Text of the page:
(Xizou, Zhang Yang, China, 1999)


There are occasionally indications that audiences for Asian cinema in Australia are getting larger. This is a definite sign that intelligent life survives in our local film culture, and can even flourish in pinched and mercenary times.

Zhang Yang's Shower is an effortless crowd pleaser. It bears less relation to the work of Chinese contemporaries like Zhang Yimou or Zhang Yuan than to populist tales such as Spotswood (aka The Efficiency Expert, 1992) or Brassed Off (1996). Like those movies, Shower portrays an old-fashioned, communal way of life that is facing extinction in an increasingly modernised and alienated society.

Master Liu (Zhu Xu) runs a charming, slightly decrepit bathhouse in Beijing. The clientele are a bunch of eccentric old men who evade their everyday problems and seek precious relaxation. Some play games with crickets; another blares "O Sole Mio" under the shower. These guys are involved in an amiable, all-male sort of regression, and they create a childlike atmosphere into which Liu's mentally challenged son, Er Ming (Jiang Wu), fits perfectly.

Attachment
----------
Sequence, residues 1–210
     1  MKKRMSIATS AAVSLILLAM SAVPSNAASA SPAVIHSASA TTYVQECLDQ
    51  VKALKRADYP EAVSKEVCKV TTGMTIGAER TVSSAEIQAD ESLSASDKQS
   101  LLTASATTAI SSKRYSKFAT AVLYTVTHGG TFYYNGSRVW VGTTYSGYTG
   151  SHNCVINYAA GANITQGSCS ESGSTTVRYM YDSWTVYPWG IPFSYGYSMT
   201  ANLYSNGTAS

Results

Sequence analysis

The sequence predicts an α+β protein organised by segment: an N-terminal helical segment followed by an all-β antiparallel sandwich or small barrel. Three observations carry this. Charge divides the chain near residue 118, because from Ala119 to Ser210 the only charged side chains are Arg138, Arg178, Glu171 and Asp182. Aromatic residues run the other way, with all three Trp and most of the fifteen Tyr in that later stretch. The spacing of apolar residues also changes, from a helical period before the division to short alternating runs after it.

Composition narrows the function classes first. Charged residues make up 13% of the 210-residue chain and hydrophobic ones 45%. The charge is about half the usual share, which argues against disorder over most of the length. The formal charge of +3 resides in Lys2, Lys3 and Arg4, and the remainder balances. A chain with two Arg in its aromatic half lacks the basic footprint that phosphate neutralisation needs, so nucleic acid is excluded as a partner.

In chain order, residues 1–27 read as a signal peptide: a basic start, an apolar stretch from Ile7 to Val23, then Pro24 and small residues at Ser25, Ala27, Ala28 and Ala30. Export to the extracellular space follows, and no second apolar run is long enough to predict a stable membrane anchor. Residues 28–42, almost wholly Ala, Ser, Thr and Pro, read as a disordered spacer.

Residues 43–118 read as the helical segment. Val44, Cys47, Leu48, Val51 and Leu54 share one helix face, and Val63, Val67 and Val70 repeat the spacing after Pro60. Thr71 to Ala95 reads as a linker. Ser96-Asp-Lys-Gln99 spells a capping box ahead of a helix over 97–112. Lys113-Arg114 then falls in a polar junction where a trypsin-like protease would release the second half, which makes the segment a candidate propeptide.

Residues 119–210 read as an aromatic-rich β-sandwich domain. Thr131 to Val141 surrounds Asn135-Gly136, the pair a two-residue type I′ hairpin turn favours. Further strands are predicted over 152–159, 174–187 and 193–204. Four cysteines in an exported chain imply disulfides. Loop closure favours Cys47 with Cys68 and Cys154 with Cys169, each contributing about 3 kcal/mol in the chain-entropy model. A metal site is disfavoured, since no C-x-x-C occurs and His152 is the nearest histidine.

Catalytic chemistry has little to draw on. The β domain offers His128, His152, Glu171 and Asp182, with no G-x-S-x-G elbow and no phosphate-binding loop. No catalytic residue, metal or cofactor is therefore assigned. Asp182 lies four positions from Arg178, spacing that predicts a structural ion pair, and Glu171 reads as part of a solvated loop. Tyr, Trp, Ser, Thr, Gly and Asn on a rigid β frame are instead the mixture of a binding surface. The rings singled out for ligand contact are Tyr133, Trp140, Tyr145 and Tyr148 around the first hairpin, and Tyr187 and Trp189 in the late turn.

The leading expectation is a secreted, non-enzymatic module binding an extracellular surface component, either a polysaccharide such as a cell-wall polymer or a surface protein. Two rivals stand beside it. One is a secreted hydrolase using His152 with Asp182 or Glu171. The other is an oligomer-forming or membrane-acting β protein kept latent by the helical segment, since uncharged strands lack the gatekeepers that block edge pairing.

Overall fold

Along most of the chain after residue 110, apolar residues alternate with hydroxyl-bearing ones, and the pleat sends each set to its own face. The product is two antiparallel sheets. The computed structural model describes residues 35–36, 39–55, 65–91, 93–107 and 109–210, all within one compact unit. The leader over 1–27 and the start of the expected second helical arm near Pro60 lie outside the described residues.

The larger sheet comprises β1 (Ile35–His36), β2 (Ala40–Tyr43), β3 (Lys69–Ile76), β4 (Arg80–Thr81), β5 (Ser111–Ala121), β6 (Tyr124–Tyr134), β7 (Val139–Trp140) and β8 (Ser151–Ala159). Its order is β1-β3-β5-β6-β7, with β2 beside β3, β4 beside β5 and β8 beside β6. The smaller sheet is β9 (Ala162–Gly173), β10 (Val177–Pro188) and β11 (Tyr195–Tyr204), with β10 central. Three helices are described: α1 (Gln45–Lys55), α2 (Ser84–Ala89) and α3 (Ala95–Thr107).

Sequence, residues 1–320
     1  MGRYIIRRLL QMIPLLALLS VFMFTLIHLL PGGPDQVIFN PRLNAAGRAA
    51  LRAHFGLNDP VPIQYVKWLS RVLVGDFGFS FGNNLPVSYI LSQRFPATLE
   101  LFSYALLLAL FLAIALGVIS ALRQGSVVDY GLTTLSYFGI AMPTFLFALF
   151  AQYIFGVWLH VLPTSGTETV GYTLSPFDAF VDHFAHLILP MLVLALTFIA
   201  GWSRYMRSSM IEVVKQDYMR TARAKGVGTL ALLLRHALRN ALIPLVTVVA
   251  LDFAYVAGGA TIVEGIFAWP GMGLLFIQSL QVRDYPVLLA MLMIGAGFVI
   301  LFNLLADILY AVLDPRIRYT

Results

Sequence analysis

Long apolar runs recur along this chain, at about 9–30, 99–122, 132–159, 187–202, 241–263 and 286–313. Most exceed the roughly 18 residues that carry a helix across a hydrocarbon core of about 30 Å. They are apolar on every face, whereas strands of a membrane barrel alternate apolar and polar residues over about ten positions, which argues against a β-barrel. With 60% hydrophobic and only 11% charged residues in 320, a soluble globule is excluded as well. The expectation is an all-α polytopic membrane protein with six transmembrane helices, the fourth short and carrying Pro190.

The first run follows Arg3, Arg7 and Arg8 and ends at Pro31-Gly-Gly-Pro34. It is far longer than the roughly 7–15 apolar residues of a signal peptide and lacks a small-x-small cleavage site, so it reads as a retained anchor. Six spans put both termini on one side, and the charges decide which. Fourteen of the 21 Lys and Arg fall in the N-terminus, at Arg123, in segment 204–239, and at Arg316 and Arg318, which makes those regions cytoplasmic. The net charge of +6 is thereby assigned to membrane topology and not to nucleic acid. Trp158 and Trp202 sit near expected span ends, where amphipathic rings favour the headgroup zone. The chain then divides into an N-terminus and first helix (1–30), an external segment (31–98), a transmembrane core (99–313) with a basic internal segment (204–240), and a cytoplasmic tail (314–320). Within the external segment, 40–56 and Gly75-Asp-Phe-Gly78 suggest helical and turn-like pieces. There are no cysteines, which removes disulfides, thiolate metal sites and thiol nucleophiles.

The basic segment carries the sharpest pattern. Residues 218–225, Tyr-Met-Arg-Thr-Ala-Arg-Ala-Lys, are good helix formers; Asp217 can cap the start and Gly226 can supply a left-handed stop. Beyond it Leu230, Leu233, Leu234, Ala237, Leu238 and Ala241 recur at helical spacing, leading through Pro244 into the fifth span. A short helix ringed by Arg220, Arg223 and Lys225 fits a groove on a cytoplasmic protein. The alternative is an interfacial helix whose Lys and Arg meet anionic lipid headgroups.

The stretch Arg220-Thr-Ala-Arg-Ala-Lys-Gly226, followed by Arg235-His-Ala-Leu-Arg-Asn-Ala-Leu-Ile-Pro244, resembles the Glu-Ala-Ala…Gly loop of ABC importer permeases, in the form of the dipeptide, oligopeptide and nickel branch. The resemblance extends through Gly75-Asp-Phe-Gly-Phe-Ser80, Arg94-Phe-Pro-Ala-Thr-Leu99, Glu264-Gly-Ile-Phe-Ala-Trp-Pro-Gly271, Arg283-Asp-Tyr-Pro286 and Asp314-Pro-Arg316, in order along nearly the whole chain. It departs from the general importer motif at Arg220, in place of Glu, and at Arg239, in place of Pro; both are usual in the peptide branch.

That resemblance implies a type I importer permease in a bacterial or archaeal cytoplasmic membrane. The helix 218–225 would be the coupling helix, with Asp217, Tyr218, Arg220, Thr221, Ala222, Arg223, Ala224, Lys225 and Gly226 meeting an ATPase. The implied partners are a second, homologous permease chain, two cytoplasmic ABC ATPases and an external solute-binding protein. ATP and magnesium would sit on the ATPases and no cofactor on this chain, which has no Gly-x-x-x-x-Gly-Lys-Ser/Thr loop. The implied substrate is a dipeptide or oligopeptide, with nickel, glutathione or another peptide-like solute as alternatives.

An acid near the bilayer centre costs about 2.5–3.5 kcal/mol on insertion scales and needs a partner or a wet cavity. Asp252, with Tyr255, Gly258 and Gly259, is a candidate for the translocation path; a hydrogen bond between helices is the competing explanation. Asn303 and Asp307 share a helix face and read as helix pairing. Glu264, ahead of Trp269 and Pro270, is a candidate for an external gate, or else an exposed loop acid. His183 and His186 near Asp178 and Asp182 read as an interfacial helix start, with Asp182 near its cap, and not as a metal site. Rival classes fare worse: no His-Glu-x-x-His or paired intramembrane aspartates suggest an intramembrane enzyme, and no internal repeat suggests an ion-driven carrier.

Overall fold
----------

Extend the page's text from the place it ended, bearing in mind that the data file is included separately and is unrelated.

Few stories of this sort are complete without the return of a prodigal son – in this case, Er Ming's successful brother, Da Ming (Pu Cun Xin). Arriving at the bathhouse because of a misunderstanding, Da Ming dutifully bides time with his family and their strange friends, but cannot hide his eagerness to return to a truly modern world. A series of dramatic incidents brings him to a point of crisis and re-evaluation.

This an enjoyable, undemanding, fairly predictable film, occasionally pepped up by fantasy inserts – such as the hilarious prologue conjuring ultra-modern shower techniques for the stressed businessman. Yang deftly sketches the physical and emotional geography of the bathhouse in which much of the action unfolds, offering a wide range of moods and tonalities. Passing gestures towards the world of women excluded from this masculine preserve are amusing and telling.

Like many films of this ilk, Shower both mourns and faces squarely the fact of progress in modern times. Although the lifestyle represented by the bathhouse may be fading away, there is still enough community spirit left in this pocket of Beijing to allow a rousing, public concert – and one more charmingly tone-deaf rendition of "O Sole Mio".

© Adrian Martin August 2000

Film Critic: Adrian Martin
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